The Purpose of Money
There’s More to it Than You May Think
Imagine this: you plant a beautiful flower garden and tend it faithfully for forty years. You protect it from stormy weather and pests, you never pick its beautiful blooms and you don’t traipse through it for fun. You never even get close enough to smell the fragrant flowers or run your hands through them because you’re focused solely on growing them taller and stronger without hindering their progress.
Decades pass and your garden continues to grow until, one day, it simply stops. You look around at the multitude of flowers and think to yourself, “What was all that hard work really for?”
Many people manage their finances in a similar way – getting so caught up in the work of tending a garden that they fail to think about enjoying the seeds they’ve sown.
Does this sound like your financial planning situation? If you’ve been spending all your working years growing your money through dedication and hard work without stopping to smell the flowers, it may be time to reexamine the purpose your money is serving. If you don’t, you could be in for a retirement devoid of “purpose” as you know it.
Developing a Sense of Purpose
Working hard and saving for retirement is a worthy goal, of course, and there is a purpose for your savings. However, money alone cannot add true purpose to your life. This is why so many retirees suddenly find themselves feeling a bit lost when they are no longer working and growing their assets. They are left with a feeling of “what now?” and may feel a bit adrift when no longer tethered to a job or a financial goal.
You don’t have to feel like this, though. By tending to both your financial garden and living a meaningful life at the same time, you can develop an overarching sense of purpose that won’t leave you feeling bereft once you retire.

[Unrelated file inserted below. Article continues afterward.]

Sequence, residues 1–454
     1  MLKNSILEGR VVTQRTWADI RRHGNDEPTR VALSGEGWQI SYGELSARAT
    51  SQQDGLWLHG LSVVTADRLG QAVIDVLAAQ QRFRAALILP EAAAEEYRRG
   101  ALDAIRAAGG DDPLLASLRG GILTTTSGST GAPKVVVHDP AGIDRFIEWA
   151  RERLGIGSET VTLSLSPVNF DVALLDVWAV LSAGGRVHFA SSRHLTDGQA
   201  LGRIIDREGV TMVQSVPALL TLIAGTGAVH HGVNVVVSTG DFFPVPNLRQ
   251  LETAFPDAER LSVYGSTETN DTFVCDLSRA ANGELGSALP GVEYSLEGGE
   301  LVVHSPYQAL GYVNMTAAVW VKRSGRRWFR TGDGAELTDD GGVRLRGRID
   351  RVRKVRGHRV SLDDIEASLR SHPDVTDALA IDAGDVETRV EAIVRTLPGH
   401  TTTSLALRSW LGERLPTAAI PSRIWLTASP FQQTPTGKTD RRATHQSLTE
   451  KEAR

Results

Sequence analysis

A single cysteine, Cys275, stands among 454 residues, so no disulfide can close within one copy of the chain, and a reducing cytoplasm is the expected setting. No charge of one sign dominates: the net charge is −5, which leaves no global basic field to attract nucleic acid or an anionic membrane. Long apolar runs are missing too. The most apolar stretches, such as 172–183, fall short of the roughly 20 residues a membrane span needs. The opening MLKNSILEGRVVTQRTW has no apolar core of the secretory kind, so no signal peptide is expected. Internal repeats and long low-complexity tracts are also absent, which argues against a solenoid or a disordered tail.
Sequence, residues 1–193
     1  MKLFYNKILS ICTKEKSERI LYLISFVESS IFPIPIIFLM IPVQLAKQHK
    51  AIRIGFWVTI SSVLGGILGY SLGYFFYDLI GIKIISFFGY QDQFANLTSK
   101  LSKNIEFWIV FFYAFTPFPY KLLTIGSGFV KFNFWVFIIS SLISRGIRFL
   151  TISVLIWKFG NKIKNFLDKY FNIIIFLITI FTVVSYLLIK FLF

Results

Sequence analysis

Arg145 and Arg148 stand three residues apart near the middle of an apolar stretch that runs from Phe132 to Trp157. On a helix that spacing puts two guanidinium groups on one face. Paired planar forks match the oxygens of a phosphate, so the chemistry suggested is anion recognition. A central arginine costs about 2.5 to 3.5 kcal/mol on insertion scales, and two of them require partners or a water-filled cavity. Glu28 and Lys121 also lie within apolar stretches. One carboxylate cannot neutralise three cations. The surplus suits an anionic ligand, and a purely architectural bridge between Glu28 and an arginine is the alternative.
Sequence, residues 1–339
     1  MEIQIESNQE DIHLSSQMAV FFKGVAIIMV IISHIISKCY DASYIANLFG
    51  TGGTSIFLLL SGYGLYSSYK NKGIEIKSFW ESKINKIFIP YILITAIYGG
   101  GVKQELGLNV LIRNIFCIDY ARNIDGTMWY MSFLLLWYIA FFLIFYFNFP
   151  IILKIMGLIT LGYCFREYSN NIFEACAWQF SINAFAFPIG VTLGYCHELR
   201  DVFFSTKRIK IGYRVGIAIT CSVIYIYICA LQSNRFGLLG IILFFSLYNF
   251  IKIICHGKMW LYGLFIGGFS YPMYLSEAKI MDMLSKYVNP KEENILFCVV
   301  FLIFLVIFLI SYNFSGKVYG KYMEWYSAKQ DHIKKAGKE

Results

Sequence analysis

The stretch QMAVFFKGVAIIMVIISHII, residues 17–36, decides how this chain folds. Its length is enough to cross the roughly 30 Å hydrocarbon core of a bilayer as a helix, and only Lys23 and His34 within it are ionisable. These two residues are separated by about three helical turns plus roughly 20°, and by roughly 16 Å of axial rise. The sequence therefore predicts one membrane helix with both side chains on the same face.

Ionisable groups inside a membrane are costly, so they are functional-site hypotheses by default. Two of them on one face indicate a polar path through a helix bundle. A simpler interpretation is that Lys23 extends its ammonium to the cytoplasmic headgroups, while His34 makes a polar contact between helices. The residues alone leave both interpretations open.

Here’s how to do it: Don’t wait until retirement to start harvesting your garden and enjoying the fruits of your work.
Instead, shift your mindset to one that balances serving your financial goals with enjoying life. There’s no need to wait until age 65 to start – you can prune your garden a bit each year with the purpose of fully enjoying your life in the here and now. You’ll still be growing your garden for the future, but you’ll also begin making a subtle transition that will serve you well when you retire and face the prospect of replacing your prior working time with leisure activities.
If you truly want to lead a purposeful life, ask yourself what you’re really saving for in retirement anyway. Is your goal to travel, to purchase a summer home or to golf a new course each week? These are all aspects of life that you can begin enjoying now if you reconsider the purpose of the money you’re working so hard to save.
When it comes to financial planning, consider putting your life at the center of your planning process. You don’t have to become a slave to saving; it’s possible to use your means to create more meaning and purpose in your life long before you reach retirement age.
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